1. Ask what needs to be done
It sounds like a no-brainer, but quiz your boss on what is the most important way you can spend your time and then make those tasks a priority, suggests Steve Langerud, director of professional opportunities at DePauw University. By tackling the objectives that your boss holds in high esteem, you'll naturally be in a better spot to get attention and praise for your work. 2. Demonstrate your value
Forget what your job description says, create an action plan for how you can be doing your job better, says Mary Hladio, founder of Ember Carriers Leadership Group. Consult your boss and other leaders within the organisation for their input, and put the ideas in motion. 3. Be a team player
Shaunti Feldhahn, author of 'The Male Factor', says high-level managers of both sexes want to know that their employees are on board with the team, especially at critical moments. "In a demanding period, you want to make sure you are sharing the same pain," she says. For example, this might mean staying late for a meeting or pitching in on a company-wide initiative. (For more, see Seven tips for staying off the chopping block.) IN PICTURES: 10 retirement-wrecking moves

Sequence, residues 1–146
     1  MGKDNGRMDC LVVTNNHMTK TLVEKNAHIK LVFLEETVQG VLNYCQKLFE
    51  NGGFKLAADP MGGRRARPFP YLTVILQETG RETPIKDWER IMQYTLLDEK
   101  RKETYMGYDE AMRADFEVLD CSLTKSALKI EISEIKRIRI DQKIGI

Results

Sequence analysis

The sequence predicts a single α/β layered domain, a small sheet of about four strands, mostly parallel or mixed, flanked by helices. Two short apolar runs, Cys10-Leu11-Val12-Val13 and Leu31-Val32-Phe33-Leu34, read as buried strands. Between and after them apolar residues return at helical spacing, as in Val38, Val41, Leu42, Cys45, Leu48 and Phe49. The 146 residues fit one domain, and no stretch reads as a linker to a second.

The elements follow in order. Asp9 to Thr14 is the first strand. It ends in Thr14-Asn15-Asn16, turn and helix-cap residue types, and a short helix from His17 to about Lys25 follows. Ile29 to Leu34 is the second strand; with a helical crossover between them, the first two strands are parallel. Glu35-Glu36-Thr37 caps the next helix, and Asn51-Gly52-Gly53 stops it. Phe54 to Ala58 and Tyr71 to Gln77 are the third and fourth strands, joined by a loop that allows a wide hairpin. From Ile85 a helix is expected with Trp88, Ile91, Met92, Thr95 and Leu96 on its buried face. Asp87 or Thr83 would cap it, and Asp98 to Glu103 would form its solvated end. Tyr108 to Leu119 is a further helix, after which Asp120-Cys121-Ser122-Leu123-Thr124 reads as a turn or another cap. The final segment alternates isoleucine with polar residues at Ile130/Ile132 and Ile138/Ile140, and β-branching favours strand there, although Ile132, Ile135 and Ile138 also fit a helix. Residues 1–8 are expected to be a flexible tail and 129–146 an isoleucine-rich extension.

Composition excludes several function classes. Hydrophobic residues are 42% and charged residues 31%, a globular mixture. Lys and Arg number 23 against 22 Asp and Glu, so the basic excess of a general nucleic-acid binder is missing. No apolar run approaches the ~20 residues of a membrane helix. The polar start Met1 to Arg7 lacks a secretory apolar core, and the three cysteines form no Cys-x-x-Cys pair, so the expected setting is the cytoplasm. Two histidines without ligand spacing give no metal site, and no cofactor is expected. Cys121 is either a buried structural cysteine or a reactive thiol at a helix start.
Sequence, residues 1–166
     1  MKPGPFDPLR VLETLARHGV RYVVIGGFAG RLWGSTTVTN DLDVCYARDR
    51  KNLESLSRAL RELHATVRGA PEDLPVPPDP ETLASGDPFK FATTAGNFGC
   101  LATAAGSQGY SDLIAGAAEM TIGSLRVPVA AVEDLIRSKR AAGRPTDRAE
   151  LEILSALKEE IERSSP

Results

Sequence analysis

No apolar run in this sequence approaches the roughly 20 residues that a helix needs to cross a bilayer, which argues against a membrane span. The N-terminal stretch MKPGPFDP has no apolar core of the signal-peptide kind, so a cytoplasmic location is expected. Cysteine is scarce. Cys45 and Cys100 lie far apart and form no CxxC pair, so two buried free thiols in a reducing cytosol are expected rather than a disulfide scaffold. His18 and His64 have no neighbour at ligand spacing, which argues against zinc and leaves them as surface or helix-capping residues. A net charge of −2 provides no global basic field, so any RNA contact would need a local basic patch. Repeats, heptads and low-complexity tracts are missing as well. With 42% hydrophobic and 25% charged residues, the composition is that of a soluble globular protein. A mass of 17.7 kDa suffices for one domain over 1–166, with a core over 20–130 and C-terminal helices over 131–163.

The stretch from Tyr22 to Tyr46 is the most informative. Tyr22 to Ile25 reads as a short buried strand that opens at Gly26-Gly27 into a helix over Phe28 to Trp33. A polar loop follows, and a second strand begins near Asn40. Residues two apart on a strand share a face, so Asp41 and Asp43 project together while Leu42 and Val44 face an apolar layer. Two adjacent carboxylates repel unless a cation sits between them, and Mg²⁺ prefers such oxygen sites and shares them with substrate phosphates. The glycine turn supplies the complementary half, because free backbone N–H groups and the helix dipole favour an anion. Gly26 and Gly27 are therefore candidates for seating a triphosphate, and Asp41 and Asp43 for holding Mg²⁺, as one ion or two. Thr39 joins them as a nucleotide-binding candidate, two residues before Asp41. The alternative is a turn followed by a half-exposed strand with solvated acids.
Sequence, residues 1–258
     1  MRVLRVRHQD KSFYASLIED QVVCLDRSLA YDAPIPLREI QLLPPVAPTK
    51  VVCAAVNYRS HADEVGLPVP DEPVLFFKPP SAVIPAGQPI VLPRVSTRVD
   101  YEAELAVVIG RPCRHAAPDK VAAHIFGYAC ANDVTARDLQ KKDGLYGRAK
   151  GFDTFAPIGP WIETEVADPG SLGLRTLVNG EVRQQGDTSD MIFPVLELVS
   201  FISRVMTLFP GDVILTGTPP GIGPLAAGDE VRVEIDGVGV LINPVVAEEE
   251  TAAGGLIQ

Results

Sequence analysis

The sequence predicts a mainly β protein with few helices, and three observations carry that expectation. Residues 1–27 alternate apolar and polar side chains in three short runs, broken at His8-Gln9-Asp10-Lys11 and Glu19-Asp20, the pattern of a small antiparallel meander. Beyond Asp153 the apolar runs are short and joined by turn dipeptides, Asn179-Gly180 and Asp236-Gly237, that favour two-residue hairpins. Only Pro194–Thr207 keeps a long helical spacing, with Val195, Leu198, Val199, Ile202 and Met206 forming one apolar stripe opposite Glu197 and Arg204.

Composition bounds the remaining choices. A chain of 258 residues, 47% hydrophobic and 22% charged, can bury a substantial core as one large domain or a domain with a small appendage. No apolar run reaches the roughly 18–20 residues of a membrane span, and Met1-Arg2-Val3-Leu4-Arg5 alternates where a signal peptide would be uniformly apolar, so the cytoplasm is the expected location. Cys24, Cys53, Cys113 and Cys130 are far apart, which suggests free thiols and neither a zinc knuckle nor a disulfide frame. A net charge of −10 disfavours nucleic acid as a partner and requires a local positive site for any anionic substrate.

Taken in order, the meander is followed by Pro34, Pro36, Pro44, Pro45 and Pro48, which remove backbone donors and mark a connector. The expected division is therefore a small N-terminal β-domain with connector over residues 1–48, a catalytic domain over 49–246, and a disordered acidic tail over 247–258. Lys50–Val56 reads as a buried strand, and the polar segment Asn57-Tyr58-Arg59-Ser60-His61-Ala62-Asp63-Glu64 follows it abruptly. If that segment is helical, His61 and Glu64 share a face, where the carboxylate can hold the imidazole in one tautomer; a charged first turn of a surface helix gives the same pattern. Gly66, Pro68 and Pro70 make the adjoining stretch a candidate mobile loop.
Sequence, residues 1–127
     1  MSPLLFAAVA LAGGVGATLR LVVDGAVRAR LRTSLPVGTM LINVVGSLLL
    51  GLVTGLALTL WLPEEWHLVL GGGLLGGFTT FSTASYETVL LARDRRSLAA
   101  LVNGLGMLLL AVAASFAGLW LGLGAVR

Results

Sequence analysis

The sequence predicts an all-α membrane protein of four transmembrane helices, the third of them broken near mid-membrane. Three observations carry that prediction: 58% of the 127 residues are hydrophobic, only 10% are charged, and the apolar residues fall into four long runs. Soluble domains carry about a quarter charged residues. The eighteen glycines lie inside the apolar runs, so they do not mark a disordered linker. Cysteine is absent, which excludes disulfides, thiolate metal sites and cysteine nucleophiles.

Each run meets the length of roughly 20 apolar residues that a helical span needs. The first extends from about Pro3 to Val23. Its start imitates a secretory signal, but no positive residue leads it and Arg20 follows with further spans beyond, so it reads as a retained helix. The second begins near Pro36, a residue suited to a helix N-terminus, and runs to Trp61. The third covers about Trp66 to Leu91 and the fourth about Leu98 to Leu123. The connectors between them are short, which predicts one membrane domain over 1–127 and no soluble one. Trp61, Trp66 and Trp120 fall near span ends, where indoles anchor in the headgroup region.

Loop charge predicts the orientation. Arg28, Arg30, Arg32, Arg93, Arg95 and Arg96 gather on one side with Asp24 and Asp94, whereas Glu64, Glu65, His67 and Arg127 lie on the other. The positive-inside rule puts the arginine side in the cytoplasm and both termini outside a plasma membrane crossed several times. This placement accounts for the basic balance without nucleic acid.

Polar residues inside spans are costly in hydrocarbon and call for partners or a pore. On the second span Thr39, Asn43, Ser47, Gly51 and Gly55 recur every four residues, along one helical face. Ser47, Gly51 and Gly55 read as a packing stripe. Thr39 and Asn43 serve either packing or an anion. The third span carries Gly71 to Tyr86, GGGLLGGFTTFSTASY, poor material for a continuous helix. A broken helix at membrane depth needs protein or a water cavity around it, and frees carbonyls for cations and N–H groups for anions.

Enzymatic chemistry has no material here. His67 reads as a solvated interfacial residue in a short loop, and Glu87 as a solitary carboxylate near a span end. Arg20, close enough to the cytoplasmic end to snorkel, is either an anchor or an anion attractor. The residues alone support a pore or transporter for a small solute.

4. Brief your boss
Even if it's not part of your job requirements or you haven't been asked to do it, voluntarily offer your boss reports on your progress, says former human resources trainer, Mimi Donaldson. "Bosses are busy," she says. "You cannot expect them to notice when you do something great." But a routine email summing up your day-to-day accomplishments and where you stand on major projects is an influential way to keep your boss informed without monopolising time. 5. Network like you're unemployed
Langerud also advises reaching out to colleagues in other departments and requesting their feedback on how you can help them be more effective. Around the company, it will only improve your reputation, he says, and it will likely get circulated back to your boss...